This photograph from the Club archives is of the legendary, Scottish double World Champion racing driver, Jim Clark (1936-1968).
This year marks the 50-year anniversary of the untimely death of Clark at the Hockenheimring, Germany on 7 April 1968. He was racing in Formula Two when he crashed his Lotus 48. The cause of his death is ambiguous but investigators concluded it was most likely due to a deflating rear tyre. During the fifth lap of the first heat, Clark’s car veered off the track and crashed into the trees.
At the time of his death, aged 32, Clark had won 25 Grands Prix, achieved 33 Grand Prix Pole positions and 8 grand slams, which was more than any other driver. He won the British Grand Prix five times and won the World Championship twice in 1963 and 1965, one of a handful of drivers to have achieved this feat.
Clark began his racing career in a local road rally and hill climb in his own Sunbeam-Talbot. By 1958, he was racing for the local Border Reivers team driving Jaguar D-Types and Porsches, before joining Team Lotus, which he raced for up until his death.
Clark was quiet, understated and would go to great lengths to avoid conflict. Dick Scammell, his mechanic from Team Lotus, once recalled:‘I felt he didn’t like to rock the boat at all and would go out of his way to avoid aggro in the team. I know that some of the mechanics could really worry him but he wouldn’t complain so as not to offend. He never once questioned what we did with the car or requested any changes.’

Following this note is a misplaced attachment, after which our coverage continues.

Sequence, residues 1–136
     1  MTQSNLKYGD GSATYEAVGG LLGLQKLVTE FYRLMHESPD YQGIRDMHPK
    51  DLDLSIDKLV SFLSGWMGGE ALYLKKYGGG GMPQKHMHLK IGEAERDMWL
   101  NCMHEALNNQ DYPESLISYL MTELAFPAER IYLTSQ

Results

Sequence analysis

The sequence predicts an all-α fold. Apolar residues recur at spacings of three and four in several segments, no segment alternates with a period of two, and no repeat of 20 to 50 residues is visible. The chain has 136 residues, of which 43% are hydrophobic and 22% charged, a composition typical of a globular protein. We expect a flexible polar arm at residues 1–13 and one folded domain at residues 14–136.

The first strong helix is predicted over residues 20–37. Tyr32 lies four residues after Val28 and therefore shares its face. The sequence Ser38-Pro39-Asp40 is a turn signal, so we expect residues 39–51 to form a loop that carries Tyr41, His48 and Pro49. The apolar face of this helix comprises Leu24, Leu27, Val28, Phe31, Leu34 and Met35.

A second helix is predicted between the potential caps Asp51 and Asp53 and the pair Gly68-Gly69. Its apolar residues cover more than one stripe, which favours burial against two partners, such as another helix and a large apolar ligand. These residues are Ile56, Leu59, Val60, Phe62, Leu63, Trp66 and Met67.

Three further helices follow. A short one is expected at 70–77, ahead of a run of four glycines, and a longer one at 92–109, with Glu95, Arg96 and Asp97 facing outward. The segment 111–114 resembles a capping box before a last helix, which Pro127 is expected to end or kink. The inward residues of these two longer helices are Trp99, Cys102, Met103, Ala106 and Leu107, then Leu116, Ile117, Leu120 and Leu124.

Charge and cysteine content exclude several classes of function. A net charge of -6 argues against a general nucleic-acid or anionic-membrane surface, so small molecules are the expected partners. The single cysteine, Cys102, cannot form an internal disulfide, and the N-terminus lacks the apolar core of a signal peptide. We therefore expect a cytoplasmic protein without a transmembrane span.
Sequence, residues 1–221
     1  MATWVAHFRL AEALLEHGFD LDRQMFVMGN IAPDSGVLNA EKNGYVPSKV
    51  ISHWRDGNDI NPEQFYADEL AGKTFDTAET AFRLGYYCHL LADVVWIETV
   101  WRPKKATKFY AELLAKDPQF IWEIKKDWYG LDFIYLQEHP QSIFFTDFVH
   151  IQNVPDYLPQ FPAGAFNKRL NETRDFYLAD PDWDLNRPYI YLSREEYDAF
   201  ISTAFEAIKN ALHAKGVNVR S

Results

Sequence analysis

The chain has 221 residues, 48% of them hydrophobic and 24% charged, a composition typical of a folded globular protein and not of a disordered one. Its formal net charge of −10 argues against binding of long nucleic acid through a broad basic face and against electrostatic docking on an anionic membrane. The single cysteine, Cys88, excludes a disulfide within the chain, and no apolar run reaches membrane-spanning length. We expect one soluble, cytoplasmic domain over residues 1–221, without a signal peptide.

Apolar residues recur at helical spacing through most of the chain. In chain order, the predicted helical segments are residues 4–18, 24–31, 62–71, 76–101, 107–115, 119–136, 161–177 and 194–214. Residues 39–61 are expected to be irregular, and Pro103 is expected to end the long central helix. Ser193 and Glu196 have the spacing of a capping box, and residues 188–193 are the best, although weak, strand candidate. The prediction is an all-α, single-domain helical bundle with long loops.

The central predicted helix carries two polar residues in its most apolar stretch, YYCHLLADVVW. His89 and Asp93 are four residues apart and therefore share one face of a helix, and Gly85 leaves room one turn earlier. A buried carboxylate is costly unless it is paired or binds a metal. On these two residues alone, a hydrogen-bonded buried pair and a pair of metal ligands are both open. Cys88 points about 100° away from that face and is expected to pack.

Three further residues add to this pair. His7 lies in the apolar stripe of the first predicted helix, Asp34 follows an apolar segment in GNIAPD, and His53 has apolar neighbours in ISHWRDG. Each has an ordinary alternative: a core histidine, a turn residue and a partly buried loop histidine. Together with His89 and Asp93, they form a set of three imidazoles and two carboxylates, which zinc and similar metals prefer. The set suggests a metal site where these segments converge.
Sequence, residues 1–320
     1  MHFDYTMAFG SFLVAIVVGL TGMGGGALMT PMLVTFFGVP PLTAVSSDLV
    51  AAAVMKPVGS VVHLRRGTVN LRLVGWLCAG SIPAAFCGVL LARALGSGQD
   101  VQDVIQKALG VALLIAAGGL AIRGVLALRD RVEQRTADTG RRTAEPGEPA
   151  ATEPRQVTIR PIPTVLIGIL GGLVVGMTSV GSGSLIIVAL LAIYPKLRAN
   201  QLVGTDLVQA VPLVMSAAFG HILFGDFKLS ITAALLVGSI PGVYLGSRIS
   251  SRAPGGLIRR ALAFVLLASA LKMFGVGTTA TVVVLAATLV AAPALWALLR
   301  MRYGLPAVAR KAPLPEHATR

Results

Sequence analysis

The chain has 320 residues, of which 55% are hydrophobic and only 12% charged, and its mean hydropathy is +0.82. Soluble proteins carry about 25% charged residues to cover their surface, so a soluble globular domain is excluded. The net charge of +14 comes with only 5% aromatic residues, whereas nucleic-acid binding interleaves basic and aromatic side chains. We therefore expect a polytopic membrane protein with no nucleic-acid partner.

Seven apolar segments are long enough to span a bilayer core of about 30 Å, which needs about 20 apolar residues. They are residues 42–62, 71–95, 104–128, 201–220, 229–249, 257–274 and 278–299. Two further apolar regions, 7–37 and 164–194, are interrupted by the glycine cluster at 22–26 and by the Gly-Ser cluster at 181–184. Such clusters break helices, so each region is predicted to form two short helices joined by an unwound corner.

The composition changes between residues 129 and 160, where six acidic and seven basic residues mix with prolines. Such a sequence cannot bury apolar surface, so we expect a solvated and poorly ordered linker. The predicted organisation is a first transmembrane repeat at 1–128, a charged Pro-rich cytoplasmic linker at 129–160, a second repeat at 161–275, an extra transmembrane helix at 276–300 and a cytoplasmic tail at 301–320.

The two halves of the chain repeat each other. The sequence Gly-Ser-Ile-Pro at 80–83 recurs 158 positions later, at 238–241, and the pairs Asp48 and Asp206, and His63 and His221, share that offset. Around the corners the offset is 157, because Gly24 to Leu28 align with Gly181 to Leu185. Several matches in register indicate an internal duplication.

Clark may have been relaxed at many things, however, he did struggle with indecisiveness, as Jackie Stewart, once commented, ‘his most difficult task in life was making decisions’. Although Clark was determined and confident, he didn’t live without fear, as he once admitted:
‘The big race started at 4pm and by this time I had a good dose of the shakes… Archie Scott Brown and Masten Gregory in their Lister-Jaguars shot ahead and waged a tremendous battle bit I was too busy frightening myself sill the D-Type… I’ve lost too many friends… I was never very happy and I don’t mind admitting that I was very frightened throughout.’
Dick Scammel, his mechanic, also remembered Clark as a gentleman:‘He was very, very special. And a gentleman with it, he knew what he wanted…He wasn’t mechanical at all but he’d make the best of whatever you gave him. He obviously was quite determined about things.’